Benefits suggested for paravertebral block (PVB) alone or combined with general anaesthesia in breast surgery are improving postoperative pain control and pulmonary function, decreasing cancer recurrence and reducing length of hospital stay [1–4]. Failure rates of up to 20% have been reported after single injection PVB [5,6]. For radical mastectomy including axilla revision sufficient analgesia has to be provided for at least nine dermatomes, C6—Th 6 . Attempts have been made to acquire adequate surgical conditions by applying multiple paravertebral injections [8,9]. Considering the potential risks of paravertebral block [10–13] and the stress for the patients a limitation of punctures seems to be preferable. Inserting a paravertebral catheter far enough and in proper position offers the opportunity to apply the anaesthetic agent at different sites with one puncture only, by moving the catheter backwards after each injection. Up to now there is no such study.
The purpose of our study was to evaluate a single-puncture, three-injection technique via catheter as a sole anaesthetic technique in extensive breast surgery comparing it to standard general anaesthesia. First objective was its effect on postoperative analgesic quality regarding number of patients requiring analgesics. Additionally we repeatedly recorded the postoperative pain scores until 24th hour and the total dosage of IV morphine given as a rescue drug. Further objectives were readiness for discharge, incidence of postoperative nausea and vomiting and patients’ satisfaction.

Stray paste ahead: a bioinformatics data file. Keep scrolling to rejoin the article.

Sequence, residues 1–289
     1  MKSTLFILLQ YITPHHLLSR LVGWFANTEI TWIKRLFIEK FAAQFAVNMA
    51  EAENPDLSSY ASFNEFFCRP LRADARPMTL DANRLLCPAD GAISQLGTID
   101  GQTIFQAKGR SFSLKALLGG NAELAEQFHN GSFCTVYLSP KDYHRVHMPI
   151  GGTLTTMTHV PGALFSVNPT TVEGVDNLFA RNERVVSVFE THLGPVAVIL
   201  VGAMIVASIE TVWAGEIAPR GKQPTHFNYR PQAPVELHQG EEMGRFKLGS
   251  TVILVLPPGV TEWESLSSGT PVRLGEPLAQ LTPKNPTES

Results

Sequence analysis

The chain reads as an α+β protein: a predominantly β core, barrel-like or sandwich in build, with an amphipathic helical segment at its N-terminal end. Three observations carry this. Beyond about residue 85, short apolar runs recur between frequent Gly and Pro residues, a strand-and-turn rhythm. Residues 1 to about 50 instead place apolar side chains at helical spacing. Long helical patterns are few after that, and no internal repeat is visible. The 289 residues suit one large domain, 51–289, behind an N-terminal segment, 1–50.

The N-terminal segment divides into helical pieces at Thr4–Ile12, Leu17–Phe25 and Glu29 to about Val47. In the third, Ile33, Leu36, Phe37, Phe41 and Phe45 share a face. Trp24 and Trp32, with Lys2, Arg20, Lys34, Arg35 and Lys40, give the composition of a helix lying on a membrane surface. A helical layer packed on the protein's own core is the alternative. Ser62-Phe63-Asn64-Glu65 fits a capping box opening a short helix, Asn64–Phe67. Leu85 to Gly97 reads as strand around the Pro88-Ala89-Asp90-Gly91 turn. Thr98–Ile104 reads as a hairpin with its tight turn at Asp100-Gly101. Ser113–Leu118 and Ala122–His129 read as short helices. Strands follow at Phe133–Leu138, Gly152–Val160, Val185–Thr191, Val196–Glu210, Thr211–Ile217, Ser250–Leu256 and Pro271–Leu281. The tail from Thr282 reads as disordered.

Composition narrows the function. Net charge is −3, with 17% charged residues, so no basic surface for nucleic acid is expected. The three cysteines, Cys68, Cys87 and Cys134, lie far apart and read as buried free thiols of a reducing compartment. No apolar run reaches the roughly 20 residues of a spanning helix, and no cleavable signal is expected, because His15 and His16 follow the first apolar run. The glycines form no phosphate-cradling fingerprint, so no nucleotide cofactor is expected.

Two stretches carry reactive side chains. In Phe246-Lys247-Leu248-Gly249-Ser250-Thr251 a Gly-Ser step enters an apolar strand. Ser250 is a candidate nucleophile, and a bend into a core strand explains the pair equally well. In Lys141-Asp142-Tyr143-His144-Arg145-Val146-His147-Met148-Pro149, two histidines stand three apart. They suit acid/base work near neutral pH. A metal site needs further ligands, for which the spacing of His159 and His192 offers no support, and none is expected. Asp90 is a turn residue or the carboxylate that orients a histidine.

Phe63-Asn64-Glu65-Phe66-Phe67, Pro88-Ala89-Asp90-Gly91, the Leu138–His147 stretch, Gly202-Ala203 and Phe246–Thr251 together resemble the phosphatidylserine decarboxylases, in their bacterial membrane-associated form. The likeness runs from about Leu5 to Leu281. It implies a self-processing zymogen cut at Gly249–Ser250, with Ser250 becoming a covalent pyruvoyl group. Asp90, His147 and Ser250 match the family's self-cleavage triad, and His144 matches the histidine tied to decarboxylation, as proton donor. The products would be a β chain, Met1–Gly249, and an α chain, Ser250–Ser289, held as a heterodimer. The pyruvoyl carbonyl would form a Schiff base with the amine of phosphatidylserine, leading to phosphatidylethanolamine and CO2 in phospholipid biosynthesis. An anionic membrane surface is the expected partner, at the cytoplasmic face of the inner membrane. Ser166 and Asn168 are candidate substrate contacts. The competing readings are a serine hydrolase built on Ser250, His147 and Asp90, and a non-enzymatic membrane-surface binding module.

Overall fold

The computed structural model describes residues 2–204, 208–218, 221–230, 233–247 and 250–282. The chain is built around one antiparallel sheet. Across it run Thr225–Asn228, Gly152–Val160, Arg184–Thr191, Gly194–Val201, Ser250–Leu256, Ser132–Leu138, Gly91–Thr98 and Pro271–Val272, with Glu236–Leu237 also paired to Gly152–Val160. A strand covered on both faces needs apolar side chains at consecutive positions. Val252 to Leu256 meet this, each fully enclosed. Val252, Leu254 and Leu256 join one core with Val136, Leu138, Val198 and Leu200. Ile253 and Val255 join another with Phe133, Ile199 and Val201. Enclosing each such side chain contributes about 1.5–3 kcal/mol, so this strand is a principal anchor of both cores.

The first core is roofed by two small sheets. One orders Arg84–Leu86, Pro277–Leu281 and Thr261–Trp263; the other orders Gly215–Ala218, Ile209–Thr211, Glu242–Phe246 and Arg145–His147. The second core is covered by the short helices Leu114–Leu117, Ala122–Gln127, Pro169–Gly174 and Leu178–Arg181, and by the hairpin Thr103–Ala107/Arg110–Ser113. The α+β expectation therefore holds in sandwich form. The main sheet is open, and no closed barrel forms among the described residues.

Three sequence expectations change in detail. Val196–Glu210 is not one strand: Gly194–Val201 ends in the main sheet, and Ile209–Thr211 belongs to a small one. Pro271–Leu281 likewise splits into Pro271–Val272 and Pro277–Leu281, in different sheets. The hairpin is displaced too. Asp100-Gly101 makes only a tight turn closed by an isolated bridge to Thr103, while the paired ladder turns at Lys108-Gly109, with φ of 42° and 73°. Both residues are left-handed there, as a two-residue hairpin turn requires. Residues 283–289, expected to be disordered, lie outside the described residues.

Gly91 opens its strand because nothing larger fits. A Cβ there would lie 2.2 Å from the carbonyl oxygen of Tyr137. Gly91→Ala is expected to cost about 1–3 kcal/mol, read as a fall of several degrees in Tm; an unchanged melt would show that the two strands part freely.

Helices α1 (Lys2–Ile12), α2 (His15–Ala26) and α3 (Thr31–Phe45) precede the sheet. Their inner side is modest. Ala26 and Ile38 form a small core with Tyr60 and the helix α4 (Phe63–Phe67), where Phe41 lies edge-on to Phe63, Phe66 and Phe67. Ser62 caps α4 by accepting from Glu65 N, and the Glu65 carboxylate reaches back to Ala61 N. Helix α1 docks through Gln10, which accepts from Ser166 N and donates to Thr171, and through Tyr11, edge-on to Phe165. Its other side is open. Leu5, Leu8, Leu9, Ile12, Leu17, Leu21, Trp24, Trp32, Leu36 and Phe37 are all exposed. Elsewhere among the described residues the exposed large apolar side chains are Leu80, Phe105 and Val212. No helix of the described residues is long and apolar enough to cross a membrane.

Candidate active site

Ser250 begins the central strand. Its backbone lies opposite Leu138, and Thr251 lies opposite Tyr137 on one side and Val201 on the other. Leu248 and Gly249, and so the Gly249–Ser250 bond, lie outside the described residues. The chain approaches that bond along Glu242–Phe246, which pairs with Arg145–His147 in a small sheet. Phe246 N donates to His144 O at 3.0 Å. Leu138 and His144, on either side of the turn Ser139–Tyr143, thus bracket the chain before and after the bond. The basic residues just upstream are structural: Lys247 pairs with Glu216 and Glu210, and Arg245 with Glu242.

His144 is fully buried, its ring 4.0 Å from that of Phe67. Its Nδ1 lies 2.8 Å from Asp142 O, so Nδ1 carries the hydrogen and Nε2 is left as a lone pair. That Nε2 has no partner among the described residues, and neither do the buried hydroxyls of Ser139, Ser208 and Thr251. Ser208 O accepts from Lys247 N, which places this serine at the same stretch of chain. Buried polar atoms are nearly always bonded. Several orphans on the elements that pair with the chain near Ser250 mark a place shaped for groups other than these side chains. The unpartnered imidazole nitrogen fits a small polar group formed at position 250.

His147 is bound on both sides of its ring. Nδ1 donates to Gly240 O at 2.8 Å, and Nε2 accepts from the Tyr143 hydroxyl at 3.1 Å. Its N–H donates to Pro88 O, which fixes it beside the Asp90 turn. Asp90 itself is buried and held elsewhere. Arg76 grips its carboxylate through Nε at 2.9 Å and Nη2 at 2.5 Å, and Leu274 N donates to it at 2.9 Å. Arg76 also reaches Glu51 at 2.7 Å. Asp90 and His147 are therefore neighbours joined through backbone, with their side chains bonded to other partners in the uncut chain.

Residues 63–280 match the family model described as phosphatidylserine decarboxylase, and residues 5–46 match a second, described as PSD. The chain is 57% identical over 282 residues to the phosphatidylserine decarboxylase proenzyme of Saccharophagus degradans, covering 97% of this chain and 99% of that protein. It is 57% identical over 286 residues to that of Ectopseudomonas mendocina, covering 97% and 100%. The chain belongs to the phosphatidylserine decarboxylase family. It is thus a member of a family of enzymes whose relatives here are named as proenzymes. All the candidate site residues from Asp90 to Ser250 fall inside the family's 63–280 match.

This is a prospective, randomized, single-blinded clinical trial. There is currently no similar study running within our department. Approval from the Institutional Review Board (IRB) Ramathiboti Hospital, Mahidol University Bangkok was obtained on October 24th 2013 (No. MURA2013/534; S1 and S2 Files). Date range for patient recruitment and follow-up was October 25th, 2013 (1st patient recruited), till April 24th, 2014 (last follow-up day of the final patient No 70). Patients had to agree to participate, documented by written informed consent; all patients included in this study did so (S3, S4, S5 and S6 Files).
Female patients, with ASA (American Society of Anesthesiologists) risk score I—III undergoing unilateral mastectomy surgery with axillary dissection (radical lymph node removal) were enrolled. Exclusion criteria were general infection and local infection at the site of puncture, anatomic deformities of the thoracic spine, coagulation disorders, allergy against local anaesthetics or contrast agents (Iopamiro 300), pregnancy or breast-feeding and BMI ≥ 30 kg/m2. Patients were randomly assigned to two groups by using block-of-four method, general anaesthesia (GA) or paravertebral block (PVB).
General anaesthesia (GA)
Anaesthesia was induced intravenously with 1.5–2 mg/kg propofol, fentanyl 1–2 mcg/kg and atracurium to facilitate tracheal intubation, and maintained with sevoflurane in oxygen and air 50:50%. Additional Fentanyl 1–2 mcg/kg was administered on discretion of the anesthesiologist.